Plan for new interim nuclear waste site draws criticism
taz / Clean Energy Wire
Critics are denouncing plans to build a new interim storage facility for low- and medium-level radioactive nuclear waste at the site of the former Würgassen nuclear power plant in Germany, the newspaper taz reports. On Friday, the Federal Company for Interim Storage (BGZ) announced plans to create a central interim storage facility at the site, to receive waste from plants being decommissioned all over the country as Germany phases out nuclear power. The site would not store high-level radioactive waste, such as spent fuel rods, the BGZ said. The waste would then be processed for final storage at the Schacht Konrad former mine site near Salzgitter, about a hundred kilometres away. Work at the Schacht Konrad site has been repeatedly delayed, taz reports, but the facility is supposed to open in 2027.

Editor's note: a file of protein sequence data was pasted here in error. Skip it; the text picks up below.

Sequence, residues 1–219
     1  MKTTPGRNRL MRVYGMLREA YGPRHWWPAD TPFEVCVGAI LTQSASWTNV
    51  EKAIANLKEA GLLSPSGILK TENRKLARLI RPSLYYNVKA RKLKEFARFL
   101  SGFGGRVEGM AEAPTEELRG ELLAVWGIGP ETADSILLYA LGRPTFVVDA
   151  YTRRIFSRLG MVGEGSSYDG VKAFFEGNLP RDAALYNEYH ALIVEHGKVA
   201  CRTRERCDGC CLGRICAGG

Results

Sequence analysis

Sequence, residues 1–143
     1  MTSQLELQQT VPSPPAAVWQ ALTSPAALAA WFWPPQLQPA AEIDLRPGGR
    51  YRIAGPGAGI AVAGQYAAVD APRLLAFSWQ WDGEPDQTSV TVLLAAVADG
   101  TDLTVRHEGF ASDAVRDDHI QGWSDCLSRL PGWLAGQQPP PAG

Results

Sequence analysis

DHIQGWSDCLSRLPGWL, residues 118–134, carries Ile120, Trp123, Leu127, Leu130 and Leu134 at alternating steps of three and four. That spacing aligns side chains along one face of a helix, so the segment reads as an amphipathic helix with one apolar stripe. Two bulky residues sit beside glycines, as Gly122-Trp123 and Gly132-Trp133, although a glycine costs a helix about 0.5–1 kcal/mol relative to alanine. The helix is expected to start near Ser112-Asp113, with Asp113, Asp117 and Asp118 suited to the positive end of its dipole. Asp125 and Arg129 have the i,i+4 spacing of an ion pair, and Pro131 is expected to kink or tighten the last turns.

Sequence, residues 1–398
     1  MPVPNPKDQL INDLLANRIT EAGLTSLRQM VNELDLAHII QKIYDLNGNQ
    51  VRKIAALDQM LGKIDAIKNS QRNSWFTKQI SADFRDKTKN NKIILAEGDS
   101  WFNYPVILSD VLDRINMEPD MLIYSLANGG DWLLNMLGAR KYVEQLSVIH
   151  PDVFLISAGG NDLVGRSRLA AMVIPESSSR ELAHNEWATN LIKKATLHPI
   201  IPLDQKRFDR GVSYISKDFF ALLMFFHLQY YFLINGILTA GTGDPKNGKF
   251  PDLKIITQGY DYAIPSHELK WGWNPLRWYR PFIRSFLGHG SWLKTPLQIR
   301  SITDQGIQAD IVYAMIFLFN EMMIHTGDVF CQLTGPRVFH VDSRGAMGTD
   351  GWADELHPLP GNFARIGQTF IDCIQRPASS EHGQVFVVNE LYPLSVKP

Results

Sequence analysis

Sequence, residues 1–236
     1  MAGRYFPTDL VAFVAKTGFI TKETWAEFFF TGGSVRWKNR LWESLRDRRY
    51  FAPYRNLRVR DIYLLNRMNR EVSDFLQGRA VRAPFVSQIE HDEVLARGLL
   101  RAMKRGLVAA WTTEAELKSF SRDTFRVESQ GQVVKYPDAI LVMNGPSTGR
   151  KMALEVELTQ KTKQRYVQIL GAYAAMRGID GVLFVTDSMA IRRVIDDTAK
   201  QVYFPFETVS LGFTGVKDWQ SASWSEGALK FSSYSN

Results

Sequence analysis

Environmental groups say the Schacht Konrad site is unfit for nuclear storage, and object to the planned interim storage site in Würgassen. “The planned Schacht Konrad nuclear waste storage facility does not correspond to the state of the art in science and technology and would not be approved today,” said Olaf Bandt of Friends of the Earth Germany (BUND) in a press release, adding that creating an additional interim storage site in Würgassen creates new risks for the local community. “An additional storage facility would also make more nuclear transports necessary, thus increasing the danger to the population,” Bandt says in the press release. Germany has a long history of anti-nuclear activism and has committed to phasing out all nuclear power by 2022.